Channelpedia

PubMed 22558254


Referenced in Channelpedia wiki pages of: none

Automatically associated channels: Cav1.2



Title: Deletion of Dicer in smooth muscle affects voiding pattern and reduces detrusor contractility and neuroeffector transmission.

Authors: Mardjaneh Karbalaei Sadegh, Mari Ekman, Catarina Rippe, Bengt Uvelius, Karl Swärd, Sebastian Albinsson

Journal, date & volume: PLoS ONE, 2012 , 7, e35882

PubMed link: http://www.ncbi.nlm.nih.gov/pubmed/22558254


Abstract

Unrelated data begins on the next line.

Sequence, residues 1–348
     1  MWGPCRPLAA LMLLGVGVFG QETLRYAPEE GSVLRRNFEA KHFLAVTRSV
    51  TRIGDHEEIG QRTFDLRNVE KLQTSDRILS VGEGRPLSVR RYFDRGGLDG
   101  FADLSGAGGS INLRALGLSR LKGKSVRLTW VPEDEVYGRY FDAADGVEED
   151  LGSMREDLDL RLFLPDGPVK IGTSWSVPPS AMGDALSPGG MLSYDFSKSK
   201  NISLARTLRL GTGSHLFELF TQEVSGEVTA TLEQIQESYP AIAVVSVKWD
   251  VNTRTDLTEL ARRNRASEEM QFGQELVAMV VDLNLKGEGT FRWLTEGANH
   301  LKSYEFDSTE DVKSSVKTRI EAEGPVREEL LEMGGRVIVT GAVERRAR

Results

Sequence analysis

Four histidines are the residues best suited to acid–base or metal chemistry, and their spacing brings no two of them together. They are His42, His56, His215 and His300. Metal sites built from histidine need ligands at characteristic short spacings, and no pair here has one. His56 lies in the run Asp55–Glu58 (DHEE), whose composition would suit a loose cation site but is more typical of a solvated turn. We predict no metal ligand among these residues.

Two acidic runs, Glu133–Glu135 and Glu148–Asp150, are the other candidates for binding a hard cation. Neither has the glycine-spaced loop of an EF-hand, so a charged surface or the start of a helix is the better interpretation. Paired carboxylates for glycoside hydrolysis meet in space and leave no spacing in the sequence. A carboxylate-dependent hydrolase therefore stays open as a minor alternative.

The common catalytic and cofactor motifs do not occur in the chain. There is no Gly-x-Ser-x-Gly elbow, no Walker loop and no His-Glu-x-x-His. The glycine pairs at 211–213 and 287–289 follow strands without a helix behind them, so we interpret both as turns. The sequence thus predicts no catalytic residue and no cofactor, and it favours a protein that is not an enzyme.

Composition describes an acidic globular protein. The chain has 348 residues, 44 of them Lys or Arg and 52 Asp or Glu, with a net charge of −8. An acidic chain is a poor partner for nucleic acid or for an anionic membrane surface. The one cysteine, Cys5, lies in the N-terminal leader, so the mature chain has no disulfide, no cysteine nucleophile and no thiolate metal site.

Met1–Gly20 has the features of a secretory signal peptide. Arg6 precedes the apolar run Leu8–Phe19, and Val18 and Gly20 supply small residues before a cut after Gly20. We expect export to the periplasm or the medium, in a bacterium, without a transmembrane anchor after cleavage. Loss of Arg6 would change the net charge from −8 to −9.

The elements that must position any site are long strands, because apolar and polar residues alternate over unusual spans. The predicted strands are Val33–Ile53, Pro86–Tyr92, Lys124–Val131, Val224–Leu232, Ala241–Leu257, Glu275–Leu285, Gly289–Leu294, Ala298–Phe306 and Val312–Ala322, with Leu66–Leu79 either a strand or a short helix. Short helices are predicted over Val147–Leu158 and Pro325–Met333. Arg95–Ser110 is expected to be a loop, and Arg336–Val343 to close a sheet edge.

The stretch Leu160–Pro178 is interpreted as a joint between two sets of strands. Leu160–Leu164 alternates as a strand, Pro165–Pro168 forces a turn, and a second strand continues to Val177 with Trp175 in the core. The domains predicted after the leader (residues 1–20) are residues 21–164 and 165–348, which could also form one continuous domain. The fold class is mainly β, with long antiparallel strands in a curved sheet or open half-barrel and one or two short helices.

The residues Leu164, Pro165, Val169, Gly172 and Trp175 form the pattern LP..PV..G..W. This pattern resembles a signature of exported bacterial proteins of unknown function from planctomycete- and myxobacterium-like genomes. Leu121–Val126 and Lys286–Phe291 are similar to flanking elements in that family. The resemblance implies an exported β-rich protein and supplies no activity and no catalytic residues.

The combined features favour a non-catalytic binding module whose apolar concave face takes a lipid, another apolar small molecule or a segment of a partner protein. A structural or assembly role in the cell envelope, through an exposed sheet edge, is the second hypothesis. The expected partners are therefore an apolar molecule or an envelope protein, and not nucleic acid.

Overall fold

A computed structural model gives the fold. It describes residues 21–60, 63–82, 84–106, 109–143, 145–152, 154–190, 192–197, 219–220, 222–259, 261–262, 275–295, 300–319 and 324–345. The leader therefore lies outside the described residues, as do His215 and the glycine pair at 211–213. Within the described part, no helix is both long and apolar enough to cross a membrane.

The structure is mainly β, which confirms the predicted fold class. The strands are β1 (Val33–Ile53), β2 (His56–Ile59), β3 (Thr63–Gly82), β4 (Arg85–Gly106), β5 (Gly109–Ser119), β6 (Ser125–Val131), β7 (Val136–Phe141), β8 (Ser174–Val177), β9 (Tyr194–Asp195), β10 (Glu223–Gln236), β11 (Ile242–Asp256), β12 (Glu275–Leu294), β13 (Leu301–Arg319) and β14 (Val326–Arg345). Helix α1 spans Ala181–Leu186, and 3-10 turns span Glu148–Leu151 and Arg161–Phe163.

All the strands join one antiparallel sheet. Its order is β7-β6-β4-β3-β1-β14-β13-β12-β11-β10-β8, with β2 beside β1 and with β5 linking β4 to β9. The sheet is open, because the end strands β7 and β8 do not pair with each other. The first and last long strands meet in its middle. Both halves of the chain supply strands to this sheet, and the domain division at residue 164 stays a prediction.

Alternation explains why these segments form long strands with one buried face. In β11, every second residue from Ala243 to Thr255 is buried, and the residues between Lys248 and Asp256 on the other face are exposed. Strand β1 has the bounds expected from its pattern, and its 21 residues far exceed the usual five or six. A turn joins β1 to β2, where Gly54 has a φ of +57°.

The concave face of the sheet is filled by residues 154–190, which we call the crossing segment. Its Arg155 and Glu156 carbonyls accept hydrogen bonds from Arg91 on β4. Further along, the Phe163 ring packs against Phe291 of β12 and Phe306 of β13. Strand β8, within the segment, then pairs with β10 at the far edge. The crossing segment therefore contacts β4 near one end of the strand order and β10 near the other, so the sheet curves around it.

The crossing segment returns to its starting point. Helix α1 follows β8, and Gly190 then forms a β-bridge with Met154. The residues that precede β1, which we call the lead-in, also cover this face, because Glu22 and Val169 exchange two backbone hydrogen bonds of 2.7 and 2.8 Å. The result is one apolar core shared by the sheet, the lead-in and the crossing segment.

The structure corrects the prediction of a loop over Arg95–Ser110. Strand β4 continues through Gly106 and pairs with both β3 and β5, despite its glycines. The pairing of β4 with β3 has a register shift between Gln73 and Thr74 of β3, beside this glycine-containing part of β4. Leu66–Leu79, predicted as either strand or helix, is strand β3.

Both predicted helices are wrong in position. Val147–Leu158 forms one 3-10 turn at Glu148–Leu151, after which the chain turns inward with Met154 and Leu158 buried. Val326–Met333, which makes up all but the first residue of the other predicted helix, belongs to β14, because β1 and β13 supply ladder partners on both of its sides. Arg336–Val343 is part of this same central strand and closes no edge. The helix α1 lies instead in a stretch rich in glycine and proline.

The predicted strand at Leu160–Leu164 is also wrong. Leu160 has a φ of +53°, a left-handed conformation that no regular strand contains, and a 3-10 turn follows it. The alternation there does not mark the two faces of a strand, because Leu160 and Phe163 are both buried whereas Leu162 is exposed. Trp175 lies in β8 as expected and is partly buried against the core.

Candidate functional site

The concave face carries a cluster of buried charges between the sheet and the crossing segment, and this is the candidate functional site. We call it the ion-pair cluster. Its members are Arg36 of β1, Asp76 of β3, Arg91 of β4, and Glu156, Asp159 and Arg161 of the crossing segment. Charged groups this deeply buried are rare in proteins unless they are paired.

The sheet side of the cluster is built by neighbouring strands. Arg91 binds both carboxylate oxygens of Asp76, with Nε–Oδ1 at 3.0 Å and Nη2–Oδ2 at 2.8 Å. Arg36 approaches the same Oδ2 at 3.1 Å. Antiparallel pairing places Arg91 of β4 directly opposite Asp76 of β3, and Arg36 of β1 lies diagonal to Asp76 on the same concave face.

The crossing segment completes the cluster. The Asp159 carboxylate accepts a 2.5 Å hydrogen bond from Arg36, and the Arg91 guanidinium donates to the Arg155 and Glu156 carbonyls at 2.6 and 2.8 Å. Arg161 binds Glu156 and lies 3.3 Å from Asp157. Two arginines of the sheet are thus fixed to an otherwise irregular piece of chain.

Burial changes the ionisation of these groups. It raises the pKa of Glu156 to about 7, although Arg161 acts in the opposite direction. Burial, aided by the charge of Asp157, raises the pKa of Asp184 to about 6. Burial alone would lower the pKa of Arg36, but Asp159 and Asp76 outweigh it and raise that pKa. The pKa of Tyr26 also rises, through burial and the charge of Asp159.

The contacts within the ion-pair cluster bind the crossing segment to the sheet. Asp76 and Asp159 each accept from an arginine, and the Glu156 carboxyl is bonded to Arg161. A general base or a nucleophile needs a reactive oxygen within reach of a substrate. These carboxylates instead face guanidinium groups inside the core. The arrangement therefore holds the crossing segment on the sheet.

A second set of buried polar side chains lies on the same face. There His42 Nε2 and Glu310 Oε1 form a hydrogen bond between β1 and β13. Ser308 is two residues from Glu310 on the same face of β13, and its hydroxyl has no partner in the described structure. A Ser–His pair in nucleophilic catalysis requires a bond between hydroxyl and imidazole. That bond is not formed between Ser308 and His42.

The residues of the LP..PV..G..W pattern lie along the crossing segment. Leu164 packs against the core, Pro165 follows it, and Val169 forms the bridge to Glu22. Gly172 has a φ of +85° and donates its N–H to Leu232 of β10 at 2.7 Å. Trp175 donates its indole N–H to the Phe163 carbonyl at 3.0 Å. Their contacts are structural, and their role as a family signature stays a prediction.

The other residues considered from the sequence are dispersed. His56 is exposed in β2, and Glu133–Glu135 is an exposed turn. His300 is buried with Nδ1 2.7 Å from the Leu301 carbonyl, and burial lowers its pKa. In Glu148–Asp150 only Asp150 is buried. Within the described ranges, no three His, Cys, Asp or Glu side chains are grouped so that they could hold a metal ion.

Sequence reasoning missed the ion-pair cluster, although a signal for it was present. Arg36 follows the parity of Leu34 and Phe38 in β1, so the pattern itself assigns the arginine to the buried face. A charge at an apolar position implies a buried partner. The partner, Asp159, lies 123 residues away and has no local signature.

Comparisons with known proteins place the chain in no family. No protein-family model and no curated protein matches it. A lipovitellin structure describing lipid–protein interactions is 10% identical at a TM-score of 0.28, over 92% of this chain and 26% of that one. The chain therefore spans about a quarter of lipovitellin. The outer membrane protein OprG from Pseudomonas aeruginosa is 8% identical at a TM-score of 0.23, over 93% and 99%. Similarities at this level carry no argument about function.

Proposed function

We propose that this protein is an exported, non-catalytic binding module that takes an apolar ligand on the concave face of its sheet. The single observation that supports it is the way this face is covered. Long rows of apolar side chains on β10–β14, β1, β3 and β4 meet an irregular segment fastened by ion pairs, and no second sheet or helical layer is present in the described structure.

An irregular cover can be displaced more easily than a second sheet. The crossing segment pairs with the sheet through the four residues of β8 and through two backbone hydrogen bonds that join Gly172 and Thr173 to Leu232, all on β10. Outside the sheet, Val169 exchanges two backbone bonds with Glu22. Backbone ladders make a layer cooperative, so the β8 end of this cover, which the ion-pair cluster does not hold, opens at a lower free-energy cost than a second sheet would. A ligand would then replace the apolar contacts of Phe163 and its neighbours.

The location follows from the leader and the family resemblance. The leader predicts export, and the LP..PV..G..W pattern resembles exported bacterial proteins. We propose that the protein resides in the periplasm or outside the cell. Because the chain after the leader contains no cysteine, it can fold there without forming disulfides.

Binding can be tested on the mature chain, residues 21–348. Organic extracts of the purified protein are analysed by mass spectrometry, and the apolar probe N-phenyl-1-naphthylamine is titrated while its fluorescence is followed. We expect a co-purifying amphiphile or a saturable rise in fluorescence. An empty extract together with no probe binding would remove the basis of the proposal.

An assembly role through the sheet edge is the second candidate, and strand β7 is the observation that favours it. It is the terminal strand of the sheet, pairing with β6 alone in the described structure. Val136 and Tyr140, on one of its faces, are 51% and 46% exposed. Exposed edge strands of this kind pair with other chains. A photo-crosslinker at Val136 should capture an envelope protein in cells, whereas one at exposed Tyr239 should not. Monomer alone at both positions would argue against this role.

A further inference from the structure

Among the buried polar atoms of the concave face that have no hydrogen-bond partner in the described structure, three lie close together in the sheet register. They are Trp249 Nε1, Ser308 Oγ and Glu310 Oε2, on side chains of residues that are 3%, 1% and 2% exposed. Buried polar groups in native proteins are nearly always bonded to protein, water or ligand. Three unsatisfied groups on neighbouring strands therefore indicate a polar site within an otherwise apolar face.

MicroRNAs have emerged as important regulators of smooth muscle phenotype and may play important roles in pathogenesis of various smooth muscle related disease states. The aim of this study was to investigate the role of miRNAs for urinary bladder function. We used an inducible and smooth muscle specific Dicer knockout (KO) mouse which resulted in significantly reduced levels of miRNAs, including miR-145, miR-143, miR-22, miR125b-5p and miR-27a, from detrusor preparations without mucosa. Deletion of Dicer resulted in a disturbed micturition pattern in vivo and reduced depolarization-induced pressure development in the isolated detrusor. Furthermore, electrical field stimulation revealed a decreased cholinergic but maintained purinergic component of neurogenic activation in Dicer KO bladder strips. The ultrastructure of detrusor smooth muscle cells was well maintained, and the density of nerve terminals was similar. Western blotting demonstrated reduced contents of calponin and desmin. Smooth muscle α-actin, SM22α and myocardin were unchanged. Activation of strips with exogenous agonists showed that depolarization-induced contraction was preferentially reduced; ATP- and calyculin A-induced contractions were unchanged. Quantitative real time PCR and western blotting demonstrated reduced expression of Cav1.2 (Cacna1c). It is concluded that smooth muscle miRNAs play an important role for detrusor contractility and voiding pattern of unrestrained mice. This is mediated in part via effects on expression of smooth muscle differentiation markers and L-type Ca(2+) channels in the detrusor.